Following a 3D printed face shield developed by the Hong Kong Polytechnic University, the Prague-based Prusa Research adapted an existing face shield design for 3D printing. The shield has been approved by the Czech Ministry of Health and its design and assembly instructions are freely accessible online. Prusa is printing approximately 500 face shields a day on 100 printers.

Last week, experts from the Czech Technical University (CVUT) developed a 3D printed respirator with a special filter which lasts up to a week. According to the Czech Health Minister, it provides greater protection compared to FFF3 respirators, with up to 10,000 units planned to be manufactured daily.

3D printing and COVID19 Twitter
Source: Adam Vojtěch (Twitter)

“CTU experts have developed a respirator on a 3D printer. The special filter lasts about a week. It provides even higher protection than FFP3. We agreed to start supplying them to university hospitals. Now we’re just fine-tuning the details. Starting next week, they could start producing up to 10,000 units a day.”


Since the Czech government made it mandatory to wear masks outside, people have started sewing them at home. To make this easier, 3D printing enthusiasts have developed plastic fittings to help sewing the hems of the mask.

3D printing and COVID19
Source: Martin Holain (Facebook)

We also saw the development of more pragmatic solutions to use in daily life, such as this hands-free door opener, designed by Materialise and demonstrated by Sintratec

3D Printing Copper Materials to Combat COVID-19

Five years ago, the University of Southampton published findings that copper inactivates coronaviruses within a few minutes and can prevent transmission. A recent US government funded study confirms that COVID-19 (referred to as HCov-19) persists for approximately three hours in the air, up to 4 hours on copper, up to 24 hours on cardboard and up to 2-3 days on plastic or stainless steel.

The Chilean/US-based company Copper 3D developed a range of antibacterial 3D printing materials that have been proven to eliminate 99.99% of fungi, viruses and bacteria, as well as a large number of microorganisms. Developed for prosthetics, surgical equipment and wound dressings, these materials are one example of how 3D printing can be used to limit the spread of COVID-19.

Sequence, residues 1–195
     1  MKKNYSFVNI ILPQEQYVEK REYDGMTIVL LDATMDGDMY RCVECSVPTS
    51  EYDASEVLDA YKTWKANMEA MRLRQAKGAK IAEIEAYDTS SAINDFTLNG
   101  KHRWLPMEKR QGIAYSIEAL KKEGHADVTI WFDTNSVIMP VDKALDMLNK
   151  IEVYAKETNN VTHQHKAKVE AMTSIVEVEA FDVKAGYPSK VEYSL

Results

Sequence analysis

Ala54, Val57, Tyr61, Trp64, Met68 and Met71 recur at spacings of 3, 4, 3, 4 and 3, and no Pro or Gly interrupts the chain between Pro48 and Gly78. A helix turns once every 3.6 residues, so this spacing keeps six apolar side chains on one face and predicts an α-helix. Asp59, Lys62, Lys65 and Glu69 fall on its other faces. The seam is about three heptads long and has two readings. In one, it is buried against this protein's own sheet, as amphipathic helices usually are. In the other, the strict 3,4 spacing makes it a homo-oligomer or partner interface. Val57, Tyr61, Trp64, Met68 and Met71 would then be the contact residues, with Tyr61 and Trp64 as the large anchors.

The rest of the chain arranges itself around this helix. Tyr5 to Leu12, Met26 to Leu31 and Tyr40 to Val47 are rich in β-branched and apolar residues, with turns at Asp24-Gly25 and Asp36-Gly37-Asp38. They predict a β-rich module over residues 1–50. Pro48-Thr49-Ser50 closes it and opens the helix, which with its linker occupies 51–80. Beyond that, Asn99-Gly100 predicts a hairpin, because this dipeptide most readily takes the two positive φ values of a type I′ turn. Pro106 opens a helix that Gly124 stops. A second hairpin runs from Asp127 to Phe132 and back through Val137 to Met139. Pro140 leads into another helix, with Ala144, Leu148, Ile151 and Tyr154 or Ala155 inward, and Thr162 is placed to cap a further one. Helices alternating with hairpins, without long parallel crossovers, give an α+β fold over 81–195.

Copper 3D also recently developed a solution to combat the shortage of N95 masks called NanoHack, with an open source design.

3D printing and COVID19
Source: Copper 3D

The Bottom Line

With plummeting stocks and supply chains in disarray, this is both a crisis and an opportunity moment for 3D printing. The 3D printing industry itself may not witness growth, but the technology receives a chance to provide necessary support with emergency spare parts and supplies.

With shortened lead times and lower production cost, 3D printing has come through as a welcomed support to fall back on in this time of global health crisis.

What is really coming to the fore is the effort of the global 3D printing community, brainstorming about new applications, custom made solutions, and new materials. Open source designs and file sharing have become the norm.

Manufacturers are volunteering their production capacity and expertise, while governments and international institutions open platforms and dialogue for innovations that could contribute to the global fight against the pandemic.


If you want to learn more about this topic or have any questions, please contact Galina Spasova, or drop your details in the form on the top right.

If you want to know more about how COVID-19 will affect the technology landscape, see more resources here